Navigating tax deductions at EOFY can be complex. While most small business owners claim obvious expenses such as rent, employee wages and equipment, many aren’t aware of everything they’re entitled to, says Marianna Agostino, director of Conscious Wealth Creation.

Here’s her checklist to maximise your EOFY tax deductions.

What is a tax deduction?

A tax deduction is an expense that can lower your taxable income, but the expense must have a direct link to earning your income.

Some expenses are treated a certain way. For example, fixed assets such as computers or other equipment must be depreciated over their lifespan rather than claimed in full on purchase.

Nevertheless, the instant asset write-off announced in the Federal Budget enables businesses with turnover up to $10 million to immediately deduct the cost of eligible assets up to $20,000.

What tax deductions can small businesses claim?

There are lots of obvious ones, such as rent, utilities, insurance, office supplies, employee wages, super and workers’ compensation insurance.

Advertising, marketing and consultant fees (for accountants, lawyers, marketing specialists, and business strategists, for example) are also deductible.

Business-related travel expenses such as accommodation, transportation, meals and conference fees can be claimed, but only the business-related portions are deductible.

Motor vehicle expenses, including purchase costs, loan interest, fuel, registration, insurance and maintenance are also tax-deductible, with personal travel portions excluded.

9 tax-deductible items small business owners often miss

Here are some common deductions you may overlook:

1. Superannuation.

Super for yourself and employees is deductible this financial year if paid and received at the fund by 30 June.

2. Inventory.

The value of inventory held on 30 June is not deductible but is considered an asset and is subtracted from the annual cost of goods or wages. Extensive waste can negatively impact a business’s profitability.

3. Aged receivables and creditors.

Small businesses using cash basis accounting should pay outstanding bills to reduce taxable income, as only deposited income and paid expenses count.

4. Interest on business loans.

You can claim interest paid on loans used for business purposes.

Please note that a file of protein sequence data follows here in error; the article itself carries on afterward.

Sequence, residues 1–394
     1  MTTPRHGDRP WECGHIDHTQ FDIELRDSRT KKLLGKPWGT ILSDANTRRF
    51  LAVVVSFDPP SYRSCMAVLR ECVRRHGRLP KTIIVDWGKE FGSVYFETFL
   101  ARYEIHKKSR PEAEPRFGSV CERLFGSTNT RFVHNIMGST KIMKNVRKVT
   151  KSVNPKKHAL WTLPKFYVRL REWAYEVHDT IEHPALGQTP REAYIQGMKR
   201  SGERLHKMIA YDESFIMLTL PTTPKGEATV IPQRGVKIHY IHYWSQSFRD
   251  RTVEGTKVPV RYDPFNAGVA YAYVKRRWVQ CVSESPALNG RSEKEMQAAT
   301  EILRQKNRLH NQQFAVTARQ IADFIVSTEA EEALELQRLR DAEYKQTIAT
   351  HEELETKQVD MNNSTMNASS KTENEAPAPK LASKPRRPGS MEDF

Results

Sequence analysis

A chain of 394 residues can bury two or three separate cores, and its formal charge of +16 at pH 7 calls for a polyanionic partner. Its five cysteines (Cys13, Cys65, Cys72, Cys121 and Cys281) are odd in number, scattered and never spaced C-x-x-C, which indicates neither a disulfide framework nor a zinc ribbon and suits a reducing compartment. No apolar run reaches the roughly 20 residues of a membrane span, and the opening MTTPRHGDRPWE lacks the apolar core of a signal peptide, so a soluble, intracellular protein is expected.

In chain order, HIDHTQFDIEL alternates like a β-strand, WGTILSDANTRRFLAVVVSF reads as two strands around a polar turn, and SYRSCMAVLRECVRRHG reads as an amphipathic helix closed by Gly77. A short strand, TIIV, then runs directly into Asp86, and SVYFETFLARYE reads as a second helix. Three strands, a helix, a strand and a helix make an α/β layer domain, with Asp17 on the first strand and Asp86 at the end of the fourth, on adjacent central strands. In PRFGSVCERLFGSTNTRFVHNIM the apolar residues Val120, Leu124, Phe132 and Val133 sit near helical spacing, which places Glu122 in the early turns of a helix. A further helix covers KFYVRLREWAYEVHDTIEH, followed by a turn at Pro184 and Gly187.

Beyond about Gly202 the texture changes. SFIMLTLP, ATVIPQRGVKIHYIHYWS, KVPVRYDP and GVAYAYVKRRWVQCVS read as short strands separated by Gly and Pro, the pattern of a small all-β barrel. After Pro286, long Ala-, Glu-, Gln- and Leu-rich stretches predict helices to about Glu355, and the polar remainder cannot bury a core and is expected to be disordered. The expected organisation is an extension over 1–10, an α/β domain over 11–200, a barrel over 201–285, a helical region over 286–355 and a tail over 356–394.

5. Motor vehicle expenses.

Without a logbook, the maximum claim for business travel is $3,900 for 5,000 kilometres. Keeping a logbook can result in higher deductible vehicle expenses.

6. Bad debts.

Write off uncollectible accounts to claim deductions.

7. Self-education and training.

Training courses related to your role are often deductible but many small businesses don’t claim them as expenses.

8. Subscriptions and memberships.

These include professional journals, trade organisations and networking groups.

9. Start-up expenses.

Costs including market research, legal fees and advertising may be deductible over time, not fully in the year incurred.

What home-based expenses can business owners claim?

In order to be eligible, you must be working from home to fulfil your employment duties, not just carrying out occasional tasks.

If you meet the eligibility criteria, you can claim your WFH expense deduction using the fixed-rate method or the actual cost method.

The fixed-rate method is $0.67 per hour worked from home, which covers energy expenses, internet expenses, mobile and home phone expenses, and stationery and computer consumables.

Using the actual cost method, you can include all of the costs listed above, however you can only include the additional cost incurred as a result of working from home.

If you run a home-based business, you may also be able to claim your occupancy costs such as mortgage interest, rent, council rates, land taxes and house insurance costs.

As always, maintaining thorough and organised records is key to ensuring that you’re able to substantiate your claims.